Talking about sugar maples, we’re talking about a beautiful tree, and an economically and culturally important tree. And to talk about what’s projected to happen for them, we’re going to use the government’s tree atlas, which is a wonderful tool I recommend you check out for yourself. Let’s walk through it.
So that’s our look at terrestrial changes in this region. Let’s talk a little about the changes in the sea. First, we’re going to check out another tool, look at sea level rise along your coast. It’s not so bad, much less direct impact than you might have noticed in my Texas forecast.
One problem that is looking more challenging for northern New England is ocean acidification. A lot of the local ocean acidification in the gulf of Maine in particular is driven by freshwater coming off the land. And that water is sometimes making the water in the oyster beds so acidic that the oyster larvae die during these runoff events.
The good news is that there’s already pH monitoring and correction mechanisms being put in place in some of the oyster beds. But if you want to have a good outlook for your tidewater species, there’s an increasingly serious need to handle runoff from up near the source. And you need to remember, there’s a forecast for increased precipitation. So there will be a tendency to have more runoff. Controlling water in farmland and in towns and cities, working help it get into the ground so it can filter through instead of going right into the rivers, is a big project. But it’s a project people can handle if they work together.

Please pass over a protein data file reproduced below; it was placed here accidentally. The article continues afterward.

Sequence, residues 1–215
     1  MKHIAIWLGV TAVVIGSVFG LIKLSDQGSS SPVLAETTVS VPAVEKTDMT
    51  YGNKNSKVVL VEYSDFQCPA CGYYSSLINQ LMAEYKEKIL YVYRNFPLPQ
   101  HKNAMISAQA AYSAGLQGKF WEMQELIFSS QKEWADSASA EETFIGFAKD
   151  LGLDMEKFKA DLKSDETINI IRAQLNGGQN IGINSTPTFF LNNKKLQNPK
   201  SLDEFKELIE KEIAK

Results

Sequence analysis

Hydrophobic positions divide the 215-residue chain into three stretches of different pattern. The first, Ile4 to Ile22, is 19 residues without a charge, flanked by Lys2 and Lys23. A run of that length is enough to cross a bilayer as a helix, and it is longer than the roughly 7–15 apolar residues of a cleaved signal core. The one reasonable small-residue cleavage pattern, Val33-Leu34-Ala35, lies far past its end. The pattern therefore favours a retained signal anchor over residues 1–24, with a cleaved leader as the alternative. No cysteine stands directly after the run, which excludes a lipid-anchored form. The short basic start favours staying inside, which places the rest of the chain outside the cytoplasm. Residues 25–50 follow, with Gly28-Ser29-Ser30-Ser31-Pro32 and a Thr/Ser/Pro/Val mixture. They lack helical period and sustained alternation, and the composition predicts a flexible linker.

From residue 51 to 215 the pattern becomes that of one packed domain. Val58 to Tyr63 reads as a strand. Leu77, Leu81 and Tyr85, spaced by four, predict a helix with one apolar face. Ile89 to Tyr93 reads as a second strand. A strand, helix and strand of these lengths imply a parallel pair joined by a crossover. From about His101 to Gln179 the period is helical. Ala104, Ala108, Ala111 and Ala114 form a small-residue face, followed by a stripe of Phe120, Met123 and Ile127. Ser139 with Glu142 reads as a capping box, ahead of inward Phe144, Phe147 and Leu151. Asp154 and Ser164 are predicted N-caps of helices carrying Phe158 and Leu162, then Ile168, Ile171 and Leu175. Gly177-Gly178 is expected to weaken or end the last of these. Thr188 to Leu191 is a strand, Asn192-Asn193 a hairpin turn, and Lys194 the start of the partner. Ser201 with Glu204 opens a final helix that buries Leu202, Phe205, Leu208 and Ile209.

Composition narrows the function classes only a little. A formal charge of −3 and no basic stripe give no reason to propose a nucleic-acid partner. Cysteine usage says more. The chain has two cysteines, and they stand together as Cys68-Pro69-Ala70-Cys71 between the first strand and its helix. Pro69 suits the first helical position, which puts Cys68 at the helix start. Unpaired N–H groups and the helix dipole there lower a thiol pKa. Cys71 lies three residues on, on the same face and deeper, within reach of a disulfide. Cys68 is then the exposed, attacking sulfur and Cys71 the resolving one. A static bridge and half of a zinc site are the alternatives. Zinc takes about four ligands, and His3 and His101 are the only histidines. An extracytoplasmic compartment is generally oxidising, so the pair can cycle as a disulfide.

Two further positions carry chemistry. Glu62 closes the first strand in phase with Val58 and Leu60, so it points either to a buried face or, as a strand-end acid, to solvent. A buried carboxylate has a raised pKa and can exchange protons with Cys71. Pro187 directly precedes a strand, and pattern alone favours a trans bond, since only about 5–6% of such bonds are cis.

As the ocean warms off the coast, as the Gulf of Maine gets warmer, there are changes occurring in commercially important fish populations. The outlook is not looking great for the gulf of maine cod, that catch has been doing poorly and it isn’t recovering well under the warmer conditions. However, black sea bass, the size of that catch has been increasing, and it looks like that might remain a solid fishery. Lobsters, if the runoff acidity can be kept under control, lobsters are looking like they could be just fine, pretty stable fishery. There is another lobster-related concern in that there are more of those toxic algal blooms happening, and more in the forecast, but we know that what we do on land, particularly in land agriculture, has a clear relationship with those algal blooms. There is tremendous potential to maintain a stable and productive fishery in the Gulf of Maine. It’ll take coordinated efforts, but that kind of coordinated effort is exactly what has gotten us this far, what has created the current stable, productive, sustainable fisheries off this coast.
Wrapping it all up, there’s a lot of work to be done to keep these states strong. Maine, Vermont, and New Hampshire, there are real challenges ahead. But the people of these states, you’ve got what it takes. Think about how you’re going to use that longer growing season, take increased hail into account, and stay tough.
This is Dr. Schoerning with AR, signing out. Please like and subscribe, help get the message out there. There is hope. We can prepare for what’s coming. Let’s get ready.